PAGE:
This section lists the logic components (ormacros) that XST inferred from yourcode. This report will indicate problems inyour design, such as extra flip flops inferred because of bad coding. Here is an excerpt from thissection after a sample synthesis of the GCD lab on Spartan 6 FPGA on our Nexys3 board (FPGA:xc6slx16-3-csg324) and also Part 1 of this lab.

    3.2 Device Utilization Summary (Section 8.2)

    This section reports the FPGA resources that your design will take up.

    The above is from the GCD lab utilization section (synthesized on Nexys3 FPGA) shows that this

    For the GCD design

    For the GCD design

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    design takes 1% of the available registers in the FPGA. A design that takes more resources thanthe FPGA has can not fit into the FPGA

    3.3 Timing Report (Section 8.4)

    The Timing Report (8.4) section lists paths with the highest delay. By default the three longestpaths are reported. The longest path-delay determines the maximum frequency at which thedesign can operate. This report is only an estimate though and not an actual value. The true path-delay value can be determined only after the tool implements your design (in the Place & RouteTiming Report -- discussed next). An example of the timing summary is shown below.

    The report contains more details about the timing of certain paths (a path originates at a givenstarting point, goes through some combinational logic, and then to a certain terminal point).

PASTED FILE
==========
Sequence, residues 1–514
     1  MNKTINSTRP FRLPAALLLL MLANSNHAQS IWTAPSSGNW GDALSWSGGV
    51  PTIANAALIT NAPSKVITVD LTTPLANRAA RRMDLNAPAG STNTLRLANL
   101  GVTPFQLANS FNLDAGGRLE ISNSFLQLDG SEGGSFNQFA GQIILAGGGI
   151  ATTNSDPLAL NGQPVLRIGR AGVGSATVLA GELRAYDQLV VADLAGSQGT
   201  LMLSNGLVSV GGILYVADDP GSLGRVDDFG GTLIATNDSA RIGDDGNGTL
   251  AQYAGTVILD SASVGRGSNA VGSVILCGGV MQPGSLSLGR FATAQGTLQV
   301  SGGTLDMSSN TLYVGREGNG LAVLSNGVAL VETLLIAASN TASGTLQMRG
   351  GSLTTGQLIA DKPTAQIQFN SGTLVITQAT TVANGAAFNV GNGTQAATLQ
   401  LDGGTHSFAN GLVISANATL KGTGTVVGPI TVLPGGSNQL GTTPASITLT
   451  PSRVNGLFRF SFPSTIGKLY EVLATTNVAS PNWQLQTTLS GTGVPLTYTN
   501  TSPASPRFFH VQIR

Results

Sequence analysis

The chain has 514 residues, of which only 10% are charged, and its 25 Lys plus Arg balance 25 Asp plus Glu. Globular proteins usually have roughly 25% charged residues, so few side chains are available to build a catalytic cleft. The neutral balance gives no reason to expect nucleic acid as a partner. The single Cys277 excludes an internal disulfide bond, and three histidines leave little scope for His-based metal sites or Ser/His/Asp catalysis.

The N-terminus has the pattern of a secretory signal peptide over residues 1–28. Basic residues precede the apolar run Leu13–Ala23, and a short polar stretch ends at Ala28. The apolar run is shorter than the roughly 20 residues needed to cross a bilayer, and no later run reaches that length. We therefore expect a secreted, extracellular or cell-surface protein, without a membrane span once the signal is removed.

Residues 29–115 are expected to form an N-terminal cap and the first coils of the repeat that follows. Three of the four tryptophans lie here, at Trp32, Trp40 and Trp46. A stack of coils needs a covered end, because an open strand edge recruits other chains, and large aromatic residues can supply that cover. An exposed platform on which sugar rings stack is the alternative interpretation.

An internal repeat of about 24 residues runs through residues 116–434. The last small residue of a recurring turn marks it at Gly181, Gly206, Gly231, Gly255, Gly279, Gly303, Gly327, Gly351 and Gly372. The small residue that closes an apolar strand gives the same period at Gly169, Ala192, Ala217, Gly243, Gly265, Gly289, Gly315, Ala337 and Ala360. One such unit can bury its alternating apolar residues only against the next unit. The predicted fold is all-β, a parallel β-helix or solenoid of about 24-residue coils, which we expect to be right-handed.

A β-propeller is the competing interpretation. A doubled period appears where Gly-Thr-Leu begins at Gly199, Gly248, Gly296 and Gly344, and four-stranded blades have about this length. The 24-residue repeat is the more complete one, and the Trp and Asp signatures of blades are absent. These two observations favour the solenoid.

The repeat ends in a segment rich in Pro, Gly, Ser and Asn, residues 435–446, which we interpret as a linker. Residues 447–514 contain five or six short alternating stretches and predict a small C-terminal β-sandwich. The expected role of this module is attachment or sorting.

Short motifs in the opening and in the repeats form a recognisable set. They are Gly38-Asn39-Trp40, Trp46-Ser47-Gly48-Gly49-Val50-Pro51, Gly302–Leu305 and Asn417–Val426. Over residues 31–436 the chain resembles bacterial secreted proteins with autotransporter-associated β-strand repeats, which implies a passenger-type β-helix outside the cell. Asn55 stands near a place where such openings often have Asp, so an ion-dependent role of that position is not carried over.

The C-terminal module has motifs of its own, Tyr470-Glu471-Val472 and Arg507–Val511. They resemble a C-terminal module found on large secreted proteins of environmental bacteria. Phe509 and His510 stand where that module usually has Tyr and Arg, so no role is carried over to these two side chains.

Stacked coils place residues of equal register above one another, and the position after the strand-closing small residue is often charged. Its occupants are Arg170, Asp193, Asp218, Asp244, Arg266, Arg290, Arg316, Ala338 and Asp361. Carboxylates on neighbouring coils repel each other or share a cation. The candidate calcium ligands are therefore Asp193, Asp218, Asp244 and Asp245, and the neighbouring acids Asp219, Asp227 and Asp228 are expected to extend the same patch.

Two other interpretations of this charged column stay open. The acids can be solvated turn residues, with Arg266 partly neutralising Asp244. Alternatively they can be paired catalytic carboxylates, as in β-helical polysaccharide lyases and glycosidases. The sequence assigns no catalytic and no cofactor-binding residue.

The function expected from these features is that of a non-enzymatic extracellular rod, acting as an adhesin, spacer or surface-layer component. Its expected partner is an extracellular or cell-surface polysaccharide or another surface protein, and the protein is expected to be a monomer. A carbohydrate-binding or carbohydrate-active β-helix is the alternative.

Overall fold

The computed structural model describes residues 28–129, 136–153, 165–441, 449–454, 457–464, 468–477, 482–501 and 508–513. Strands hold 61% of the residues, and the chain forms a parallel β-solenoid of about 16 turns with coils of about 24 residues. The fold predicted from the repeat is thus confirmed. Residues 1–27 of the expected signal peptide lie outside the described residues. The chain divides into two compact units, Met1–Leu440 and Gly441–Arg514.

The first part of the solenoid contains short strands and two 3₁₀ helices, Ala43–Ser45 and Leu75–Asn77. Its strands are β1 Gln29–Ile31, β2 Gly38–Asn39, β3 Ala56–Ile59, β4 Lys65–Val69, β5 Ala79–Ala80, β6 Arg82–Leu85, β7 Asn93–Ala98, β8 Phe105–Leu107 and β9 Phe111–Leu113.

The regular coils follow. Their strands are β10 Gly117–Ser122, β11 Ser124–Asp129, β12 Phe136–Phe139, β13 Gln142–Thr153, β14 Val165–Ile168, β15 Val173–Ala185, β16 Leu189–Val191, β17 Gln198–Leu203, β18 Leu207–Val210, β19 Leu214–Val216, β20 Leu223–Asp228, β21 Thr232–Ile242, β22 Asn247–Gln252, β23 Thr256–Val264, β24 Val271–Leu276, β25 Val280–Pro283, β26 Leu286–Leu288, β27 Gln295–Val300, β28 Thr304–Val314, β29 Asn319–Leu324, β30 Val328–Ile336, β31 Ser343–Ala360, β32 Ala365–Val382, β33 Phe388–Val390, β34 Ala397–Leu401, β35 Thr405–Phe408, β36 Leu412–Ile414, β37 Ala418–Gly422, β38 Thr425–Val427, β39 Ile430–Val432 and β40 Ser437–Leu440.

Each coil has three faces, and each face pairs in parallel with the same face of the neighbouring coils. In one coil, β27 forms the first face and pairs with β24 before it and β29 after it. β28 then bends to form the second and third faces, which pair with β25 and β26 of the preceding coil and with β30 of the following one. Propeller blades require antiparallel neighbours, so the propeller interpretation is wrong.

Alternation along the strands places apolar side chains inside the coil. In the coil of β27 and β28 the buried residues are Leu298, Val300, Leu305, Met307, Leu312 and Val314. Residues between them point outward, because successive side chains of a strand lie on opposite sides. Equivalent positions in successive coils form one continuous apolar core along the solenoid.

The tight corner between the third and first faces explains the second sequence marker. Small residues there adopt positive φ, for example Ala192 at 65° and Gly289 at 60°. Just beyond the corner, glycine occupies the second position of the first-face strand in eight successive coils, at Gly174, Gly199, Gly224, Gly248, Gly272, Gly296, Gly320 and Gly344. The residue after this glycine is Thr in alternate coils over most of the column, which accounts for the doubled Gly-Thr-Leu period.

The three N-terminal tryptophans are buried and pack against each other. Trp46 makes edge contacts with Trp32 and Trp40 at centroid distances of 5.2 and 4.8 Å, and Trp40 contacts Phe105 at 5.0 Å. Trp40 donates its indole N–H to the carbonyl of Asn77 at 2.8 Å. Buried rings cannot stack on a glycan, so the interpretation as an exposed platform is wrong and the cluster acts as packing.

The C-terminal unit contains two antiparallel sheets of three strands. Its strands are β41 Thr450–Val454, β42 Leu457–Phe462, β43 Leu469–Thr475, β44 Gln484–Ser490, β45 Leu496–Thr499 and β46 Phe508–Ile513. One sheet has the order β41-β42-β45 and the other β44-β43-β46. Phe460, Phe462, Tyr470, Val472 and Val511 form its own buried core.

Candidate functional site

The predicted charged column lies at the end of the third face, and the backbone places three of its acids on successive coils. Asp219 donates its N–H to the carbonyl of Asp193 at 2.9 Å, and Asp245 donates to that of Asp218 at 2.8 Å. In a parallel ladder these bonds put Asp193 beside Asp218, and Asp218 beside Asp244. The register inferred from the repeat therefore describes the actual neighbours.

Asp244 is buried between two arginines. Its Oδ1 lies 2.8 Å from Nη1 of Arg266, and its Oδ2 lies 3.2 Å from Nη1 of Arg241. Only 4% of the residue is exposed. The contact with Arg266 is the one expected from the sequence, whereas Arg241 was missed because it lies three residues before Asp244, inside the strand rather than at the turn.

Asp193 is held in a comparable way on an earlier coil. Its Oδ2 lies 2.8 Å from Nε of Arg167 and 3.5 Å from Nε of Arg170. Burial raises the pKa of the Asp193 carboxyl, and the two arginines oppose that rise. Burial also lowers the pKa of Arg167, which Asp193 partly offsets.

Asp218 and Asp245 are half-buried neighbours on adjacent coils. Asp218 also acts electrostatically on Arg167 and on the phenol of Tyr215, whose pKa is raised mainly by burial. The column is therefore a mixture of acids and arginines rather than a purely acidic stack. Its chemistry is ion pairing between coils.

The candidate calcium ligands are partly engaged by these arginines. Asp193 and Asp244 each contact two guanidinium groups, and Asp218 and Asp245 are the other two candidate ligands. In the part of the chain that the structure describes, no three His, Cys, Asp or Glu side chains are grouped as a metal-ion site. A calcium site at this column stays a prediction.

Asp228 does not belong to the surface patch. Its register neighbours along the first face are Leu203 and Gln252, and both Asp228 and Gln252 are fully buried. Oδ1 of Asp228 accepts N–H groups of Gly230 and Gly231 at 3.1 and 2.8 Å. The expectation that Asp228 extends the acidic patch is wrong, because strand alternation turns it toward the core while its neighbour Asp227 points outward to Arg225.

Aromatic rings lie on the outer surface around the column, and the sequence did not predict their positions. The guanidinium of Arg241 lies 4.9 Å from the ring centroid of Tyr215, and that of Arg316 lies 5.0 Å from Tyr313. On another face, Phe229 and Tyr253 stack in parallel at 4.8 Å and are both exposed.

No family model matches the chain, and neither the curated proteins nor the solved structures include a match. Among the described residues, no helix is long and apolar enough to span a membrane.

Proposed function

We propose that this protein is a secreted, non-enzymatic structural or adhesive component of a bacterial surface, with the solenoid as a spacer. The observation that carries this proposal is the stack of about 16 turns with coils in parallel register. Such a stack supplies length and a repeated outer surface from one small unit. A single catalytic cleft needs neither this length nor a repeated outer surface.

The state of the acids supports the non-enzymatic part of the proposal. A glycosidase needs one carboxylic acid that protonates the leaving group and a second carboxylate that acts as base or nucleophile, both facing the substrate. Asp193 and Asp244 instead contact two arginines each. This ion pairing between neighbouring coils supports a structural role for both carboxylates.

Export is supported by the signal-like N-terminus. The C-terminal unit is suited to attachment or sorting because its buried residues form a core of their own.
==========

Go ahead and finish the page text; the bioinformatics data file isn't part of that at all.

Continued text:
XST provides this information so that you do not reduce the delay of one path of the design onlyto have another path slowed to the point where it becomes the longest path. The above is anexcerpt from the synthesis report that details the delay of a single path. While we can easily iden-tify the source and destination in this path the intermediate signal names are obfuscated! But notethat the delay through logic (i.e. gates) is about half of the total path delay (here it is actually lessthan half). The rest is the interconnect delay. This is typical in FPGA-based designs though.

    4. Reading the Place & Route Report

    Place & Route is the final step before the tools generates a configuration file for the FPGA. In thisstep the Xilinx tool maps the circuit to physical locations in the FPGA and creates the signal-routes that connect various logic elements. Recall that routes contribute almost half of the latencyin the circuit. So only after Place & Route is complete can the tools compute the precise delay of